“The EU rule of law problems do not start or end with Poland, but this is a visible manifestation of a deeper problem,” says Scicluna. “The Polish government, led by the Law and Justice party since September 2015, is trying to bring the judiciary more under its control by managing judicial appointments. It is creating mechanisms that would punish judges who fail to uphold the party line, a serious rule of law crisis.”
This has prompted the European Commission to withhold 35 billion euros ($A57 billion) allocated to Poland under the EU’s pandemic recovery fund. It says it won’t release the cash until the judiciary’s independence is ensured.
Warsaw has also accrued 436 million euros ($A715 million) in fines imposed by the EU Court of Justice. This was for failing to comply with orders to dismantle a “disciplinary mechanism” designed to punish judges that didn’t follow political orders.
With inflation running at 17.5 per cent, President Andrzej Duda is under increasing pressure to allow legislation addressing these concerns to pass.
“But a rift exists within the ruling coalition, where the Law and Justice Party holds the majority but needs the support of the smaller, far-right United Poland Party to form a government,” notes CSIS.
Hungary’s Viktor Orbán refused to clap when Ukraine’s President Zelenskyy appeared at a recent EU summit. That’s despite his nation following the EU’s lead in imposing sanctions against Russian oligarchs and condemning President Putin for the invasion.
Orbán has been Hungary’s prime minister since 2010. His authoritarian leadership has been accused of eroding media freedoms and democratic rights. And of inciting right-wing Hungarian nationalists by promoting the idea of “Greater Hungary” – the reclamation of lands they believe were wrongly returned to Austria, Croatia, Romania, Serbia, Slovakia – and Ukraine – after World War I.
Orbán also often seeks to capitalise upon his ability to upset EU processes. For example, he recently sought to veto an 18 billion euro ($A30 billion) aid package to Kyiv, though he has since backed down.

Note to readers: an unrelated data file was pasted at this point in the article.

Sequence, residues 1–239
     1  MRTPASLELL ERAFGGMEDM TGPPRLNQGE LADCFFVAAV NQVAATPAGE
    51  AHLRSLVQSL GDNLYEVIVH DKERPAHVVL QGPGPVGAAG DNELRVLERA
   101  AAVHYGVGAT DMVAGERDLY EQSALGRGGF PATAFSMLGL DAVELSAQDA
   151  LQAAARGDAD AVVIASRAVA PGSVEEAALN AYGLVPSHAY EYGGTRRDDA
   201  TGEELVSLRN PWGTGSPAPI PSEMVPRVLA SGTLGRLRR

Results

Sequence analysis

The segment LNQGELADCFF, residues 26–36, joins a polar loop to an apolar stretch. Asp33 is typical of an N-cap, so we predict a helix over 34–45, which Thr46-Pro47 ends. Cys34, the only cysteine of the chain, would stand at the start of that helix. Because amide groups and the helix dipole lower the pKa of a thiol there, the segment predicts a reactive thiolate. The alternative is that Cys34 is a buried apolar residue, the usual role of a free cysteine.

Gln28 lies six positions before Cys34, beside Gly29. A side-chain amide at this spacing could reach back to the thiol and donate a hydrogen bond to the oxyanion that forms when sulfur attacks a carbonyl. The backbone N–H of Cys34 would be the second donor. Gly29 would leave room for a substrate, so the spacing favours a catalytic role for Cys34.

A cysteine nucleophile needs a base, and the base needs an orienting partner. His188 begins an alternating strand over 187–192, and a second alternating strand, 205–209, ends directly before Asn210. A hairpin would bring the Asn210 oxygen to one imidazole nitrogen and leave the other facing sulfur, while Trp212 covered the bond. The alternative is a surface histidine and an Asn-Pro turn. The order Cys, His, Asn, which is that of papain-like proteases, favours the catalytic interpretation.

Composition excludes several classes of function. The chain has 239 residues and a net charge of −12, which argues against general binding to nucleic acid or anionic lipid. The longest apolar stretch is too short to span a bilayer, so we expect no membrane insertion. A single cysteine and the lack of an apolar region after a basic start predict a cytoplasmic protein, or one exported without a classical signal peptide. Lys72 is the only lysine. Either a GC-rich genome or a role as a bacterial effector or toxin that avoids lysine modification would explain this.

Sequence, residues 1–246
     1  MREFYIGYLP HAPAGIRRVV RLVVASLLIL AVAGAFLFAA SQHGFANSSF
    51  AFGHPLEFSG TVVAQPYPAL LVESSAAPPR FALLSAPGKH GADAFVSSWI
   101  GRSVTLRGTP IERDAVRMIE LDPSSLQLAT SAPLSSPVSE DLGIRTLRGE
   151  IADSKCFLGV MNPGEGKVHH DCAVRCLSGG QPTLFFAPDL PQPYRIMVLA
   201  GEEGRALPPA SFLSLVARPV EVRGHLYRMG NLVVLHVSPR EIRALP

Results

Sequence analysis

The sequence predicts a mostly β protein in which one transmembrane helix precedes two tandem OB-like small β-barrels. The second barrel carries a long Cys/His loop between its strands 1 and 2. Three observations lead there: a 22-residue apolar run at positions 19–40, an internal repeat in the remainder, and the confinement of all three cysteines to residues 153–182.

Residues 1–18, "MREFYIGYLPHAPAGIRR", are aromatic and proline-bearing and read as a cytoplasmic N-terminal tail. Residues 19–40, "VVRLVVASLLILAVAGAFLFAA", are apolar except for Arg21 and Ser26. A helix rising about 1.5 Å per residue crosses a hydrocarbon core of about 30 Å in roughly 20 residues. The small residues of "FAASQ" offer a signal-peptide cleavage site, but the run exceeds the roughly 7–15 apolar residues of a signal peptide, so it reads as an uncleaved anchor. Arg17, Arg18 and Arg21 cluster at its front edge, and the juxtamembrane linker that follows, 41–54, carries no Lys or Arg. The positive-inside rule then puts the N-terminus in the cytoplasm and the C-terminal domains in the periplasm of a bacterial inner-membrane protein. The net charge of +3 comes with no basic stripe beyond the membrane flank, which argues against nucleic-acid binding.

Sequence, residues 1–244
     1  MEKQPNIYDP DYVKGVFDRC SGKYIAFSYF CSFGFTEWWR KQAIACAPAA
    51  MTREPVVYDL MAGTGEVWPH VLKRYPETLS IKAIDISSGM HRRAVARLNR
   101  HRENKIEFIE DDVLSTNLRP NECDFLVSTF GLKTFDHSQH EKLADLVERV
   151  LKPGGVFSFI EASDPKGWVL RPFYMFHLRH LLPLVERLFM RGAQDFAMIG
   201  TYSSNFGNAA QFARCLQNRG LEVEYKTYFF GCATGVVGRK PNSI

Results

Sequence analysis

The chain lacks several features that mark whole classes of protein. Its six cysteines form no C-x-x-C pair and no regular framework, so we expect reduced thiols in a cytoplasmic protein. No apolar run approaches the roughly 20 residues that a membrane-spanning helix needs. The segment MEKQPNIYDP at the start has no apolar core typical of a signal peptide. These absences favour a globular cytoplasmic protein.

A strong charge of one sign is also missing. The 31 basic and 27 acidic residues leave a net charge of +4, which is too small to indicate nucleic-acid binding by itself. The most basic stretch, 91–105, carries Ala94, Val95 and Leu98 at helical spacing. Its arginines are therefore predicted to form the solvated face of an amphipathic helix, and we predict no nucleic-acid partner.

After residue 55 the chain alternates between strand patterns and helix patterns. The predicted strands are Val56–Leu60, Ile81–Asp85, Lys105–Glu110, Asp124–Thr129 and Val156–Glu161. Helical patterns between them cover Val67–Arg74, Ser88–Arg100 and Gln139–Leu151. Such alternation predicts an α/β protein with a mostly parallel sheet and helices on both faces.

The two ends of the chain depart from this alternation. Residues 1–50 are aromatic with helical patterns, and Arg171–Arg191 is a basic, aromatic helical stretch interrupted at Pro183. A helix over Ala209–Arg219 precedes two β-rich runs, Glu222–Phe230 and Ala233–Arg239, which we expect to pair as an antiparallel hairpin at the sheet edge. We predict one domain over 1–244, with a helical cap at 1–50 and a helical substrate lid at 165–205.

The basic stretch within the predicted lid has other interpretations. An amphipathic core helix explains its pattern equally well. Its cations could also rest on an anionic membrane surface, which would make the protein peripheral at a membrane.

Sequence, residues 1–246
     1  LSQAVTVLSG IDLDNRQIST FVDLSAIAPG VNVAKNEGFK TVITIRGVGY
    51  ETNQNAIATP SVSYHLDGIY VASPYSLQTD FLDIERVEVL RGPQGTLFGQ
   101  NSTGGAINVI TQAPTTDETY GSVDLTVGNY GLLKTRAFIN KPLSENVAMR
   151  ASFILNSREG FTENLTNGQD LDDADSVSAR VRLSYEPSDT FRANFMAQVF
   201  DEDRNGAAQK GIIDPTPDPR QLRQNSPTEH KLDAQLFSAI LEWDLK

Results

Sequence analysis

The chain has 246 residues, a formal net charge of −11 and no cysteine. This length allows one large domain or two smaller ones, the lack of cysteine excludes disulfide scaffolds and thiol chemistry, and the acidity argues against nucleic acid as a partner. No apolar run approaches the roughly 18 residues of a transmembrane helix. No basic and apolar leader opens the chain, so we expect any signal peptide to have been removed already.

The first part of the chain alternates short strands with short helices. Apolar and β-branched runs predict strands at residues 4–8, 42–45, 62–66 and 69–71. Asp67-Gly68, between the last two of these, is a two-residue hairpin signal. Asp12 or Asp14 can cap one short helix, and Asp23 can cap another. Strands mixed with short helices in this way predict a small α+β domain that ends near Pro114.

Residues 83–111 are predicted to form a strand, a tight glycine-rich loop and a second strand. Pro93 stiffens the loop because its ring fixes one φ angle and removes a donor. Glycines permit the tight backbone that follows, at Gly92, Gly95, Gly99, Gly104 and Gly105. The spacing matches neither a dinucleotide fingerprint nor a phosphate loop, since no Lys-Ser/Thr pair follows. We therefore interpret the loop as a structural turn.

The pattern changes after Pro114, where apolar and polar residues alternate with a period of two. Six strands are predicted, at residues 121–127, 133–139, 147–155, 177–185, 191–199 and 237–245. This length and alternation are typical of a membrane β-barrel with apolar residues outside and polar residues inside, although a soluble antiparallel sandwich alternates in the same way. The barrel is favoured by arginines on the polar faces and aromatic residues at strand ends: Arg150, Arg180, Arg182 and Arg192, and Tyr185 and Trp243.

But Brussels recently froze 22 billion euros ($A36 billion) in economic support “until the Viktor Orbán government agreed to conditions on judiciary independence, academic freedoms, LGBTQ+ rights, and the asylum system,” the CSIS report states.
Some 5.8 billion euros ($9.5 billion) from the pandemic recovery fund was already being withheld because of concerns about Budapest’s court system.
“In the end, a deal was struck, with Budapest largely backing down,” the analysts write, adding a final payment was dependent on the passage of reforms tackling corruption and improving judicial independence.
“While this has nowhere close to resolved Hungary’s rule-of-law or corruption issues, it does demonstrate that the European Union is increasingly willing to use its considerable leverage,” they conclude.
State of the Union
“The problems the EU is having in relation to Poland and Hungary were not anticipated when the treaties were drafted, and so effective solutions were not built in,” says Scicluna. “This leaves the EU with limited tools for dealing with democratic backsliding, a problem compounded by the unwillingness of member states to make use of the tools the EU does have.”
But the recent application of the new “rule of law conditionality mechanism”, which allows the EU to suspend funds earmarked for member states, is risky, adds Hong Kong University associate professor of European Studies Stefan Auer.
“I personally think such financial penalties are likely to achieve the opposite of what they are intended to do, because they are likely to cement the incumbent governments. In Hungary, Prime Minister Viktor Orbán has perfected a nationalist posture of ‘everyone hates us, no one understands us’. Removing funding only adds credibility to that narrative.”
But CSIS remains confident that Europe is demonstrating the strength of its union – despite it being a “noisy” process.
This, the authors argue, is evident in how Europe’s far-right movements have largely failed to convince voters that the sovereignty and civil rights of their Ukrainian neighbours aren’t worth preserving.
“While some prominent European politicians, such as Marine Le Pen (France) and Matteo Salvini (Italy), have expressed scepticism of the Western approach toward the war, and some pro-Russian protests have emerged, the continent’s political class and public remain supportive of the European response to the crisis,” the CSIS report reads.
“The latest Eurobarometer polls have shown that 74 per cent of EU citizens approve of the European Union’s support for Ukraine following the invasion. The value that citizens place on participation in the organisation has concurrently increased as well, with 72 per cent of EU citizens saying their country has benefited from EU membership.”
And this sentiment – along with cash incentives – appears to be having an impact on their leaders.
“European elections … saw far-right parties attempt to moderate their extremist tendencies and normalise themselves in the eyes of voters,” the CSIS authors argue. “These elections present no discernible sign of a rise in anti-EU sentiment.”